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PSY240 Txt Notes 15,17,18.docx

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Psychology
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PSY240H5
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Hywel Morgan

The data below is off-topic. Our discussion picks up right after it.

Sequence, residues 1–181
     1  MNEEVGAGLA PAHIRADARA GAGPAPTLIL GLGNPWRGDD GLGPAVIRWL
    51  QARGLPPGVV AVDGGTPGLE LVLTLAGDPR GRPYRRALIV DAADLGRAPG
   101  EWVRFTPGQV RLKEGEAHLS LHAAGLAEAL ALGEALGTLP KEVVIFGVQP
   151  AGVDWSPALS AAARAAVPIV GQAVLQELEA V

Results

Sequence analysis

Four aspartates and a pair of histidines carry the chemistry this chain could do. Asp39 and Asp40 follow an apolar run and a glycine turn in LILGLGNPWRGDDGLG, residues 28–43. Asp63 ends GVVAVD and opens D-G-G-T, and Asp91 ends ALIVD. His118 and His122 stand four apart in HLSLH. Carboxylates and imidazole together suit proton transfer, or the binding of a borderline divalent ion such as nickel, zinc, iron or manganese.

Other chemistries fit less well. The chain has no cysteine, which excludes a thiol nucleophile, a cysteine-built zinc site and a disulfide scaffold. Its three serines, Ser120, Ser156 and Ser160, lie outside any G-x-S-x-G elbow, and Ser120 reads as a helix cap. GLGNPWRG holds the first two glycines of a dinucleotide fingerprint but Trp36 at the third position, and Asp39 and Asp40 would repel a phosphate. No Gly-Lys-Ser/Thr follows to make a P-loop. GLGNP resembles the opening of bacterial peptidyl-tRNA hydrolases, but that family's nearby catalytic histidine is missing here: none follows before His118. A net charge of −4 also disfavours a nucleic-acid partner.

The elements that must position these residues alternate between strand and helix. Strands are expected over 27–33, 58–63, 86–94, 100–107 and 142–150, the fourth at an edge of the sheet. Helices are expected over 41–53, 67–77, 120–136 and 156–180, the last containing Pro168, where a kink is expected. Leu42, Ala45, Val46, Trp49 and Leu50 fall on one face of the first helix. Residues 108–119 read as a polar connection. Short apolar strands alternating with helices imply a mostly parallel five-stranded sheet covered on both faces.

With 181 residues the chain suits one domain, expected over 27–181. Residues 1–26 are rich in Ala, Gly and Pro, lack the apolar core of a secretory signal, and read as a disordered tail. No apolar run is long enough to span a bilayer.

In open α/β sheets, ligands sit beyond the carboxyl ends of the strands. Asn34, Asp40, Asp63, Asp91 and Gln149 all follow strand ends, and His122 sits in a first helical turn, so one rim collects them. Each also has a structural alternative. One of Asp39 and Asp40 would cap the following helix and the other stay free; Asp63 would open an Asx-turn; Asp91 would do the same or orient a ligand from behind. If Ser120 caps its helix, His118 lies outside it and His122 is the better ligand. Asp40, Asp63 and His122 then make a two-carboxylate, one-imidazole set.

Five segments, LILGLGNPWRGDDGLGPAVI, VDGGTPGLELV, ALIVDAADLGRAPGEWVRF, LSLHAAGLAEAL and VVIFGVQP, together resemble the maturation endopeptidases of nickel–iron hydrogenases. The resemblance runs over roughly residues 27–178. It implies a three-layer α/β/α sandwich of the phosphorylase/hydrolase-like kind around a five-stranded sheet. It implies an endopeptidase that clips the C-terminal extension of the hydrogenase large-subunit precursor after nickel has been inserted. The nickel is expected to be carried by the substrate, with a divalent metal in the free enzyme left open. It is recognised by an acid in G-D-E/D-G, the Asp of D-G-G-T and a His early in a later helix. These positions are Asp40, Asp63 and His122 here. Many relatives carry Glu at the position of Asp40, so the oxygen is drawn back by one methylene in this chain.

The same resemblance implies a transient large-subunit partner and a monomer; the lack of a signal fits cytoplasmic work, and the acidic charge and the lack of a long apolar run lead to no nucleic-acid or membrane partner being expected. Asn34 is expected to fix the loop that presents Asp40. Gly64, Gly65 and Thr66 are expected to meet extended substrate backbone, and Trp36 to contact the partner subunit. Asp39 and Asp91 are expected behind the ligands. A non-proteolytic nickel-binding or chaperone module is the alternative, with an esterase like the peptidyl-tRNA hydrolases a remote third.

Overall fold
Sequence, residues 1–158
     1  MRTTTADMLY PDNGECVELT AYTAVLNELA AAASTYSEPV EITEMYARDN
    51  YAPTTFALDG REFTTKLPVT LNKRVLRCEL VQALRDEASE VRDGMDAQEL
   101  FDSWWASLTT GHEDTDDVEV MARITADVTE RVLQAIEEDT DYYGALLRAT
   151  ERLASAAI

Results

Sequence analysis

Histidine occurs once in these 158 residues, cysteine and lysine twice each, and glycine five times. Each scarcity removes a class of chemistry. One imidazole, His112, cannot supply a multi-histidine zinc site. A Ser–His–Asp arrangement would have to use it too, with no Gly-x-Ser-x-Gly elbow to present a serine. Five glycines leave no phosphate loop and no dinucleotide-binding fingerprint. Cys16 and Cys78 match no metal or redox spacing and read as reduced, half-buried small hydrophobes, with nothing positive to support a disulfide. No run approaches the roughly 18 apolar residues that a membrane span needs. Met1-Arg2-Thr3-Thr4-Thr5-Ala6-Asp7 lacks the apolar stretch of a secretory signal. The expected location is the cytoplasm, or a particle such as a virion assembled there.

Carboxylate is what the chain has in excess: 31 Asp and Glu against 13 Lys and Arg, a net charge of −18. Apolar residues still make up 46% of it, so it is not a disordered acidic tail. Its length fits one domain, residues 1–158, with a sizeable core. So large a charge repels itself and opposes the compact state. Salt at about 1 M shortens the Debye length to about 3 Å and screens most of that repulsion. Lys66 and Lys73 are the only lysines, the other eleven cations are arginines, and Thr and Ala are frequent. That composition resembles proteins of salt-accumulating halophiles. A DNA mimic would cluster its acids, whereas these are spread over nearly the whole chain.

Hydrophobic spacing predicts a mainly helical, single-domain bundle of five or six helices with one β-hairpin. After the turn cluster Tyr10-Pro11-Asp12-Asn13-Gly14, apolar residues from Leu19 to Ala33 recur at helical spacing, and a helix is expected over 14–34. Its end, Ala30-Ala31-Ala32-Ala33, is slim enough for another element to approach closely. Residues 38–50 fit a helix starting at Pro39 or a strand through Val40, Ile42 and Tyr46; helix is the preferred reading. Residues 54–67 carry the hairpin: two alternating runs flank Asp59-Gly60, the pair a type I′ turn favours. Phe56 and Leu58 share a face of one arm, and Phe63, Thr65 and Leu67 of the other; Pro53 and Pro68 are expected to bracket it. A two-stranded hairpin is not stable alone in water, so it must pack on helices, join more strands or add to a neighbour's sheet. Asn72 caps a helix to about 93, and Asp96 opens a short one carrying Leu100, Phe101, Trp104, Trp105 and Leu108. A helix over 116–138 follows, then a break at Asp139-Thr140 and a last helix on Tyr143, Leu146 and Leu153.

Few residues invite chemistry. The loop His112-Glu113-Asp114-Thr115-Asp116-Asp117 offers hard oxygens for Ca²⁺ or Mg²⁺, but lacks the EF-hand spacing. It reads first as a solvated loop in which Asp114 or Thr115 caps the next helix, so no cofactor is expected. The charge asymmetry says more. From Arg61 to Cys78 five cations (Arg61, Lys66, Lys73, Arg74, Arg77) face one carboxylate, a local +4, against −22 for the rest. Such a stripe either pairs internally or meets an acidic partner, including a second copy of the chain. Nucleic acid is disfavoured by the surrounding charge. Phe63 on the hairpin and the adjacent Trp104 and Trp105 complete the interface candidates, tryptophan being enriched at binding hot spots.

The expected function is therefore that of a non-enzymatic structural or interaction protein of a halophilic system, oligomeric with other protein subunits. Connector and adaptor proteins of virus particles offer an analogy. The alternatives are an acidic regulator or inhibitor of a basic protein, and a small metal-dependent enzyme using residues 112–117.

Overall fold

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Chapter 15 – Behaviour and Emotional Disorders of Childhood and Adolescence ** Main disorders discussed in this chapter areADHD, oppositional defiant disorder, and anxiety disorder Historical Perspective ­ How we study and perceive children changes throughout time as means of doing so advances (ex. genetic testing) ­ Most child psychologists today study disorders with the idea that the issue is biological ­ In the beginning abnormal child behaviour was attributed to inadequate parenting and that the child needed a more strict upbringing, mostly because children were thought to be incapable of reason and that their behavioural problems were a reflection of their environment (bad parenting = bad environment = bad child) ­ Mandatory schooling created the opportunity to identify those who had intellectual delays and were the FIRST PROBLEMS to be studied ­ At the end of the 1800s, attention shifted to abnormal brain functioning to be the source, based on observations that many disordered children had parents who were low in intellectual functioning ­ Leo Kanner made the first textbook for child psychiatry and provided a framework for assessment, including sections on personality problems arising from physical illness, psychosomatic problems, behavioural problems, and a practical guide on collecting patient history ­ Child guidance clinics were first introduced in the States and England ­ The first forms of research in children’s mental disorders were descriptions of children with autism and behavioural issues with deficient maternal care or overprotection ­ The first population survey in Ontario in the 1980s addressed questions that dealt with child psychology ­ The main diagnostic text for psychiatric disorders used in North America (the DSM) has evolved to include child psychiatric disorders ­ It is still a topic for debate in the DSM, though, as to what the onset times are for some of these childhood disorders ­ Treatments in child psychiatry include family therapy and psychoanalytic therapy, influenced by Anna Freud and Melanie Klein, prior to the discovery of medications to treat hyperactivity Current Issues in Assessing and Treating Children andAdolescents ­ The main issues are studying age-specific variations in symptoms and to establish what is normal behaviour/emotion for a child based on age ­ This is because children may present different symptoms based on their cognitive stage and because change and development of new skills or brain maturation may be adaptive to children and reduce their symptoms ­ Youth are influenced by their environments, which can influence the presentation of symptoms which is why parents or teachers report a child’s problems, not so much the child ­ When trying to identify a mental disorder in a child, the psychologist will look at the patient first, and then at additional information (which will also help direct the development of treatment plans) ­ The proves of providing a diagnosis for a given clinical presentation and figuring out whether or not the diagnosis is reliable is an ongoing issue Prevalence of Childhood Disorders ­ Mental disorders in childhood are divided into: 1. Externalizing Problems: attention deficit/hyperactivity disorder (ADHD), oppositional deviant disorder (ODD), and conduct disorder (CD) 2. Internalizing Problems: separation anxiety (SAD), selective mutism, reactive attachment disorder (RAD), anxiety disorders, and mood disorders ­ In the DSM4, externalizing problems and some internalizing problems are in the section “Disorders Usually First Diagnosed in Childhood”, however, anxiety and mood disorders are not included in this section because it’s assumed that these disorders are essentially the same disorder in children and in adults ­ Although there’s a distinction between externalizing and internalizing problems, it’s possible for one person to have both ­ Comorbidity is when two types of disorders can coexist in the same person ­ Children will often receive more than one diagnosis at a given time, but their current diagnosis is often predictive of their receiving the same diagnosis in the future (homotypic continuity) or receiving a different diagnosis in the future (heterotypic continuity) ­ In order of prevalence (aka. Commonness) of child mental disorders: 1. Any Disorder 2. Anxiety Disorders 3. Conduct Disorder 4. ADHD ­ The prevalence of mental disorders varies by the sex and age of the child ­ Females are more likely to be diagnosed with mood or anxiety disorders ­ Males are more likely to be diagnosed with behaviour or substance use disorders Attention Deficit/ Hyperactivity Disorder (ADHD) ­ Are motorically and verbally hyperactive ­ Have problems maintaining their focus in conversations and activities ­ Show impulsive and erratic behaviours ­ Almost always emerge in early childhood, although some aspects improve with brain maturation Clinical Description Classification of Subtypes - In DSM4, symptoms are grouped into: 1. Hyperactivity 2. Inattention 3. Impulsivity - Based on the main symptom shown, the child will receive one of the following diagnoses: 1. ADHD-I  inattentive type 2. ADHD-H  hyperactive-impulsive type 3. ADHD-HI  combined type - Girls will more likely haveADHD-I, symptoms reflecting in listening, learning, remembering, organization and motor control; they’ll have messy handwriting and problems eating neatly - Boys will more likely have eitherADHD-H orADHD-HI, symptoms including interrupting others, fidgeting, and motor hyperactivity Validity of Subtypes - It’s recommended that in the DSM5 that there are no subtypes, but instead classifying all youth with ADHD as having the combined type and specifying clearly what the predominant subtype is over the past 6 months Comorbidity - Most people with ADHD have other mental disorders - Children with the hyperactive and combined subtypes will have problems with their academic, employment, and relationships Prevalence - Order of prevalence: 1. Children and adolescents 2. Pre-school aged children 3.Adults - More boys than girls haveADHD Developmental Trajectory -Most children with ADHD continue to have symptoms that require a chronic approach to management as they age -Adults withADHD have greater academic problems and lower occupational attainment Etiology ­ Most research goes into comparing brains of children withADHD versus those without ­ There’s a strong biological basis forADHD in that many of the symptoms are related to delays or abnormalities in the development of the connections between emotional and motor areas of the brain ­ Medications focus on these parts ­ It was calledADD in the 1970s in the DSM2 and the diagnosis was made on the basis of three symptoms: inattention, impulsivity, and hyperactivity ­ It was renamed ADHD in the 1980s in the DSM3 and two new diagnostic features were required: functional impairment and symptoms being present before the age of seven ­ The cause ofADHD is not known for sure because it’s often found to be paired with other disorders ­ Because the cause is still unknown, these are the risk factors that may lead toADHD: Brain Structure and Function -Reduced brain size -Abnormalities in the metabolism of dopamine and neurotransmitters -Abnormalities in the functioning of genes that regulate these neurotransmitter systems -MRIs show abnormalities in the prefrontal cortex (executive functioning) and the basal ganglia (higher motor control, learning, and memory) -There’s a marked delay when peak thickness throughout the cerebellum is attained, which is responsible for motor control and attention which causes clumsiness and poor emotional self-regulation Genetics -Family and twin studies show that more than half of the kids that get ADHD are due to genetics Prenatal Risk Factors -Toxins such as poor diet, exposure to antidepressants, drugs, lead, and alcohol have been proven to causeADHD along with many other mental health disorders Psychosocial Risk Factors -Includes low socio-economic status, large family size, paternal criminality, and child maltreatment Gene-Environmental Interactions -Psychiatric disorders are not the result of nature or nurture, but the result of nature via nurture -It’s any interaction between genes and the environment -It’s similar to the diathesis-stress perspective of disease, which says that environmental stressors should exact their greatest toll on individuals who have an underlying genetic vulnerability Assessment and Treatment ­ Assessments of the child’s development and academic, social, and family functioning are required to make a diagnosis ­ The severity of the impairment and potential worsening factors (anxiety, learning disabilities, etc.) need to be identified ­ Self-reports are used as children approach adolescence ­ An understanding of the developmental history, the onset of problems and the degree of impairment, medical diagnoses (ex. toxin exposure), possible psychological issues, and family mental health history are also required Pharmacological Treatment -The main form of treatment forADHD is the use of stimulant medication which works by increasing the release of dopamine and norepinephrine from storage sites in nerve terminals -Anew medication, atomoxetine, alters levels of brain norepinephrine -These medications increase reaction time, short-term memory, and learning of new material -Stimulant medications include short-acting or long acting methylphenidate (Ritalin) -Side effects of stimulant medications include weight loss, trouble falling asleep, headaches, and increased irritability -Despite the use of stimulants, most children withADHD will continue to have social, academic, and emotional difficulties Psychoeducational -Adults responsible for the child (parents and teachers) are educated about Interventions the symptoms, course of the disorder, and deficits associated with ADHD and how they can facilitate the use of the child’s strengths to his/her advantage -This info helps parents and teachers feel that they have a role to play in facilitating the child’s development with ADHD Academic Skill Facilitation -School-focused interventions forADHD symptoms are required to ensure that the child is achieving the academic and social skills appropriate for his/her age developmental level -Ex. Scheduled breaks, the use of the reward system, auditory versus written instructions, and the use of agendas can help improve a child’s academic performance Parent Training -Parent education helps them develop skills to manage their child’s ADHD related problem behaviours -Parents learn techniques to help the child modify his/her won behaviours by providing rewards and attention when the child completes a task or ceases a negative behaviour Other Treatments -There is less convincing evidence for family therapy, cognitive-behavioural therapy, and social skills training in helping a child’s ADHD symptoms -The most effective treatments are those that help children to enhance their deficient self-motivation and working memory to show what they know as opposed to teaching them something new -The current gold standard in the treatment ofADHD is multimodal- a combo of stimulants and some targeted combos of non-drug interventions Oppositional Defiant Disorder (ODD) and Conduct Disorder (CD) ­ Will frequently argue with adults, have temper tantrums, deliberately annoy others, and are spiteful and vindictive ­ They don’t take responsibility for their actions and blame others for their outbursts ­ Is generally diagnosed by the time children are eight years old ­ Their negativistic behaviours and poor attitude are obvious to parents and teachers ­ It’s argued that ODD is an earlier expression of CD, which also has hostile behaviour ­ Most children won’t develop CD after being diagnosed with ODD ­ What differentiated CD from ODD is that the behaviours in CD violate the basic rights of others or major societal norm or rules ­ The DSM4 organizes CD behaviour into these groups: 1. Aggressions directed towards people or animals 2. Destruction of property 3. Deceitfulness or theft 4. Serious violations of rules ­ The DSM5 wants to divide the ODD symptoms and distinguish irritable mood from defiant behaviours ­ Most children with CD or ODD also haveADHD or learning difficulties ­ Some children with CD display psychopathic tendencies, showing a general disregard for others and are not distressed by their negative behaviour and showing no remorse ­ The specifier asks clinicians to consider if the child shows at least two of the following characteristics, which are persistent for over 12 months: 1. Lack of remorse 2. Callous lack of empathy 3. Absence of concern about performance at school or work 4. Shallow or deficient affect Clinical Description Classification of -The DSM4 includes three subtypes of CD: Subtypes 1.Childhood-onset type (before the age of 10) 2.Adolescent-onset type 3.Unspecified onset type Sex Differences -Boys are more likely to meet the diagnostic criteria for CD, but girls are more likely to be diagnosed with CD at a later age than boys -More boys than girls have ODD -Conduct problems in girls are associated with outcomes such as teen pregnancy and suicidal behaviour, issues that become more pronounced if girls with CD become involved with antisocial partners -Females with CD tend to date men with CD, called assortative mating Comorbidity -Conditions associated with ODD and CD tend to be externalizing -Most people with ODD also meet the criteria for another lifetime disorder, mainly ADHD Prevalence -Prevalence of ODD in preschool is 12%, and the lifetime prevalence being 10% -Prevalence of CD in preschool is 7% -Boys have it more than girls Developmental -Most people diagnosed with antisocial personality disorder had CD as a child Trajectory -Most people diagnosed with CD had ODD earlier on in childhood Etiology ­ The real cause of ODD and CD is unknown and are not likely to be the result of any one factor Genetics -Runs in families -However, as antisocial parents are not only contributing their genes to their offspring, but also raising them in environments that tend to be less than nurturing Neurobiology -Aggression is associated with decreased glucose metabolism in the frontal lobe and damage to the prefrontal cortex (regulates the neural systems that mediate the basic reaction to threat) -Damage to the amygdala (emotion centre) is linked to aggressive behaviours -Aggression is also associated with serotonergic abnormalities such as reduction in the turnover of serotonin -Low norepinephrine is linked to conduct disorders -High testosterone isn’t fully associated with aggressive behaviour -The underarousal of the autonomic nervous system (low heart rate) is found with aggression and in psychopaths Neurological -Early difficult temperament, low IQ, reading disorders, lack of empathy, and poor social cognition Prenatal Risk Factors -Maternal smoking is predictive of CD as is substance abuse Psychosocial Risk Factors -Poor parenting, harsh discipline, and child abuse is linked to externalizing difficulties in children -Other psychosocial correlates include peer rejection, association with deviant peers, large family size, lone-parent families, teenage parenthood, and poverty Gene-Environment -In a study, almost all of the individuals who were severely maltreated in Interactions childhood and had low monoamine oxidase activity had CD Treatment ­ Methods for treating ODD and CD include: 1. Problem-solving skills 2. Pharmacological interventions 3. Parent management training 4. School and community based treatments Problem Solving Skills -Deficits in problem-solving skills and social perception are found in children Training with aggressive conduct problems and are more likely to interpret ambiguous situations as being hostile -This training combines different procedures, which include modeling and practice, role-playing, and reinforcement contingencies Pharmacological -Mood stabilizers, neuroleptics (antipsychotic meds), and stimulants help Treatment children with CD -Mood stabilizers are effective in short-term therapy for inpatient aggressive children -Neuroleptics improve symptoms -The stimulant methylphenidate is most commonly prescribed and improves some symptoms of CD even when ADHD isn’t present Parent Training -Parent training (PT) programs use the coercive process where interactions between the parent and the child assessed, promoting prosocial behaviour while also applying effective discipline techniques to minimize the negative behaviour School and -Group or peer programs in schools help reduce the stigmatization of children Community Based with mental health issues Treatments Anxiety Disorders ­ Separation anxiety disorder (SAD) is listed separately in the childhood disorders section in the DSM4 because it’s unique to childhood ­ Children can have any type of anxiety disorder, including generalized anxiety disorder (GAD) Clinical Description ­ The main symptom of SAD is distress when separated from the attachment figure, often accumulating to a full-blown panic ­ They’re fearful of new situations, new people, change, something happening to their parents, and for changes in activities ­ They withdraw or appear timid as a means of reducing their exposure to distressing situations ­ Hallmark features for SAD include: distress upon separation from a parent, excessive worry about losing a parent, excessive worry that an event will harm the parent, reluctance to go places without the parent or to sleep away from the parent, and physical symptoms when separation occurs ­ Children with SAD tend to recover within the first year of its onset, but 1/3 of children develop other anxiety disorders later on ­ The main symptoms of GAD are having different types of worries, finding it difficult to control their worries, and that worries are accompanied by physical symptoms ­ The main difference between SAD and GAD is that, with GAD, the distress and uncertainty the child feels becomes directed outward to the world around them, where they become concerned about whether others like them, worry about doing badly at school, etc. Comorbidity -Children with anxiety disorders also have mood disorders -Homotypic comorbidity (one anxiety disorder with another anxiety disorder) was low, whereas heterotypic comorbidity (an anxiety disorder with another disorder) was high Prevalence -Order of prevalence: 1.SAD 2.GAD 3.Social anxiety disorder 4.Simple phobias -Fewer children experience other common anxiety disorders of adulthood, such as OCD, panic disorder, and PTSD -Anxiety disorders are equally found in boys and girls Developmenta -In a longitudinal study, children who had SAD continued to have SAD years later while l Trajectory children who had GAD went on to have panic attacks, depression, and CD later on in life Etiology ­ Compared to externalizing disorders, far less is known about the etiology of anxiety Temperament -Will have had a history of anxious temperament (called behavioural inhibition, where children display a withdrawal or fear behaviours in novel situations) in infancy -This temperament style will persist throughout life in most affected children with their risk of developing more anxiety disorders increasing (more than children who are not behaviourally inhibited) Brain Structure and -Abnormal functioning in the temporal lob, altering a person to threat Function -Higher resting heart rates and blood pressure Genetics -Heritable -But, environment plays a role in the development of anxiety Prenatal Risk -Stress during pregnancy will increase the chances of the child having an anxiety Factors disorder because it increases the amount of cortisol (stress hormone) on the developing brain Psychosocial Risk -It’s not typical for the same anxiety disorder to be passed form parent to child, Factors suggesting that the genetic risk may be channeled by the type of environment in which the child grows up in -The child learns what and how to fear from the parent and through experiences (classical conditioning) Gene-Environment -Most anxiety is thought o be a result from fear conditioning, where the brain is Interactions engaged by threats that the person would naturally want to avoid and the neutral stimulus becomes paired with the threat to induce a similar fear and avoidance response Treatment ­ The main aim of treatment of anxiety is reduction of children’s physical symptoms and their pattern of avoidance of situations that would provoke their fear symptoms ­ This reduction in physical symptoms of anxiety will help the children think more clearly about their anxieties and how to function more normally ­ Treatment first includes providing psychoeducation about the causes of anxiety and which of the child’s behaviours are most likely related to anxiety (which is provided to the child, parents, and teachers) Cognitive-Behavioural -Most used method is the Coping Cat program Treatment -Components of CBT include extensive education about anxiety ad the treatment approach, helping the parents and child learn new ways to cope with anxiety (skills building) and systematic exposure to anxiety-provoking situations in which they can practice their skills -Many anxious children have a parent who is also anxious Pharmacological -Selective serotonin reuptake inhibitors (SSRIs) are often used Treatment Chapter 17 – Therapies Biological Treatments ­ First treatments of psychological disorders were biological, such as bleeding, leeches, etc. ­ In the late 1800s, they used physical strategies designed to calm disturbed behaviour such as physical restraints, warm baths, or cold baths Electroconvulsive Therapy ­ In the 1930s, they began creating seizures in patients through ECT because they noted that patients with schizophrenia who spontaneously experienced epileptic seizures showed a reduction in their symptoms ­ ECT is still used to treat severe depression that hasn’t responded to other treatments ­ ECT used to have severe side effects, but they’ve been minimized through less intense currents ­ Anesthesia and muscle relaxants reduce distress and the risk of injury ­ The most common side effect today with ECT is retrograde amnesia ­ Problems with ECT are that more than half of the patients that are treated with ECT relapse and that there’s a risk for cognitive impairment Psychopharmacology ­ Psychoactive agents affect the individual’s psychological functioning ­ When developing new meds, you first have to understand the pathological process by which a disorder develops, then identify an agent that will change that process ­ Drugs are grouped according to their application in the disorder they treat: Antipsychotics -Prior to the development of this class of drugs in the 1950s, patients diagnosed with schizophrenia typically spent their lives confined in psychiatric institutions -The development of tranquilizers offered the possibility of reducing psychotic symptoms such as hallucinations and offered relief to patients -Once the drug was stabilized, patients were able to return to the community -It was economically beneficial because less money was being spent on institutionalizing patients -These drugs don’t cure schizophrenia, instead they control its symptoms -Many patients want to discontinue their medication when they are feeling symptom- free, increasing their risk of relapsing -To address this concerns, medication can be delivered through intramuscular injection rather than orally -After a few weeks of taking major tranquilizers, some patients experience extrapyramidal effects similar to the symptoms of Parkinson’s disease, including muscular rigidity, stooped posture, and drooling -Anew negation of antipsychotic meds such as clozapine and olanzapine have fewer extrapyramidal effects, but have the side effect of weight gain -There’s no evidence proving that the newer generation of drugs is more effacious than the older antipsychotics -The second generation antipsychotics have mood-stabilizing properties, which make them effective in the treatment of bipolar disorder Anxiolytics -Are used to alleviate symptoms of anxiety and muscle tension -This is done by reducing activity in parts of the CNS, which lowers activity in the sympathetic nervous system, leading to lower respiration and heart rate and decreased muscle tension -Aproperty in barbiturates (the first class of anxiolytic drugs) is that patients develop a tolerance for them which means that they need to take more for it to maintain its effectiveness, but large doses of barbiturates are highly toxic, which make them a common choice for suicide attempts -Benzodiazepines (the second class) offer effective control of anxiety without toxicity at high doses, but they’re addictive and sudden withdrawal can provoke convulsion that may be life-threatening – so they’re only used for brief periods Antidepressants -Main types of antidepressants are: 1.MAOIs  includes severe dietary restrictions because certain foods can cause high blood pressure 2.TCAs  side effects include dry mouth, blurry vision, constipation, etc., is toxic in overdose (ironic because it’s meant for depression but can be used for suicide) 3.SSRIs  most recently developed (ex. Prozac), side effects include nausea, sleepiness, headaches, etc., help with eating disorders and anxiety disorders, lower toxicity in overdose, higher risk of suicidal behaviours when taking SSRIs than when taking a placebo 4.SNRIs  flu-like symptoms will occur if SNRIs are stopped abruptly -They take time to reach beneficial levels in the blood, so improvement is typically evident only after a few weeks of treatment -Benefits of antidepressants are more pronounced in those with severe depression -Depression is a major risk factor for suicidal behaviour Mood Stabilizers -Lithium and related mood stabilizers reduce rapid cycling between depressive and manic or hypomanic states in bipolar disorder -Side effects of lithium at therapeutic dosages include nausea, weight gain, etc. -There’s a narrow window of effectiveness, with low doses being ineffective and high doses being toxic Stimulants -Used in the treatment ofADHD -Ritalin reduces hyperactive and impulsive behaviour, allowing the child to sustain attention -Side effects are appetite suppression and sleep disturbance Psychotherapy:ADefinition ­ Aprocess in which a professionally trained therapist systematically uses techniques derived from psychological principles to relieve another person’s psychological distress or to facilitate growth ­ Psychology, psychiatry, social work, medicine, and nursing Theoretical Orientations ­ The main types of psychotherapy practiced by therapists today include psychodynamic, cognitive- behavioural, humanistic-experimental, and integrative or eclectic PsychodynamicApproaches ­ Freud said that psychological problems have their roots in early childhood and in unconscious conflicts ­ The main goal is to help patients understand the unconscious factors that drive/control their behaviour ­ Psychoanalysts rely on these basic techniques: 1. FreeAssociation  says everything that comes to mind without censoring thoughts. The analyst helps the patient recognize unconscious motives and conflicts expressed in the spontaneous speech 2. Dream Interpretation  distinguishes between the manifest content of the dream (consciously remembered by the client) and the more important latent content (the unconscious ideas) 3. Interpretation  interprets what the client says or does. Slips of the tongue, forgetfulness, and the clients behaviour are presumed to reveal unconscious impulses, defence mechanisms, or conflicts 4. Analysis of Resistance  clients may become resistant, like not wanting to discuss certain topics, joking during sessions, or remaining silent. Resistance prevents painful or difficult thoughts, and the therapist must determine the source of resistance 5. Analysis of Transference  transference occurs when the client responds to the therapist as he or she responded to significant figures from is or her childhood. Freud thought that individuals unconsciously re-experience repressed thoughts during transference Brief Psychodynamic -Alexander and French Psychotherapy -Used Freudian techniques in an active , flexible manner -Is short term, with sessions occurring twice a week instead of daily -Goals are concrete, there are conversations (not free association), and therapists are empathetic (not emotionally detached) -Interpretations focus on current life events (not childhood fears/conflicts) Ego Analysis -Horney and Erikson -Argued that Freudian analysis was too focused on the unconscious sexual and aggressive motivation -Believed that individuals are capable of controlling their own behaviour -Ego analysts use Freudian techniques to explore the ego rather than the id -Therapists help clients understand how they have relied on defence mechanisms to cope with conflicts Adler’s Individual Psychology -Proposed that sexual and aggressive instincts are less important than the individual’s striving to overcome personal weakness -Based on the assumption that mental disorders are the consequence of deeply entrenched mistaken beliefs, which lead individuals to develop a maladaptive style of life that protects them from discovering their own imperfections -Therapists interpret dreams in terms of current behaviour, offer direct advice, and encourage new behaviours Interpersonal Psychodynamic -Believed that mental disorders resulted from maladaptive early Psychotherapy interactions between child and parent -Is a variation of brief psychodynamic therapy -Emphasizes the interactions between the client and his/her social environment -Therapists provide feedback to help the client understand how his/her interpersonal styles are provoking conflicts and helps the client learn to interact with others in more flexible and positive ways Time-Limited Dynamic -Tends to be briefer and involves the client to be face to face with the Psychotherapy therapist -Retains Freud’s emphasis on analysis of transference as a central mechanism of therapeutic change -Therapists help identify patterns of interaction with others that strengthen unhelpful thoughts about self and others -Atherapeutic alliance is important, because the quality of the relationship between therapist and client is recognized to be a predictor of therapy outcome Humanistic-Experimental Approaches ­ Focuses on the person’s subjective experience, giving attention to emotional aspects of experience ­ Places emphasis on the person’s current experience rather than on the past ­ Encourages the client to take responsibility for personal choices ­ Emphasizes the human qualities of the therapist ­ Therapists are more effective when their clients feel that they are genuine Client-Centered Therapy -Rogers -Emphasizes the warmth and permissiveness of the therapist and the tolerant climate in which the feelings of the client can be expressed -Believed that psychological problems arise when personal growth is stunted by judgments imposed by others -This creates conditions of worth in which the client believes that he/she must meet the standards of others in order to be a worth while person -Genuineness and empathy by the therapist help provide an atmosphere of acceptance Existential Therapy -Inspired by the work of existential philosophers -Focuses on the importance of the human situation as perceived by the individual, with the main goal of making the client more aware of his/her own potential for growth and capacity for making choices -Therapists don’t follow any particular procedures, but emphasize the uniqueness of each individual -Therapists challenge and confront the client on past and present choices -Therapists share themselves, their feelings, and their values with the client -They examine the lack of meaning in a person’s life and this type of therapy works best with those who are having conflicts regarding their existence or those with anxiety or personality disorders Gestalt Therapy -Perls -Emphasizes the idea that individuals have a distorted awareness of genuine feelings hat leads to impairments in personal growth and behavioural problems -Therapists help clients become more aware of feelings and needs that have been ignored or distorted -The main goal is client awareness -Clients must integrate both their inner feelings and their external environments -Clients are instructed to communicate directly by talking to people rather than about them -The most popular technique is the empty chair technique, used to make the client more aware of his/her genuine feelings Emotion-Focused Therapy -The client enters into an empathic relationship with a therapist who is directive and responsive to his/her experience -Used on depression, trauma, and marital distress by enhancing and then focusing on clients’emotional reactions Cognitive-Behavioural Approaches ­ The term behaviour therapy was first used in the 1950s to describe an operant conditioning treatment for psychotic patients ­ Behavioural approaches emphasize that problem behaviours are learned and that faulty learning can be reversed ­ Behaviour therapy includes research findings from areas such as perception, cognition, and the biological basis of behaviour ­ Behavioural therapists focus on present thoughts and beha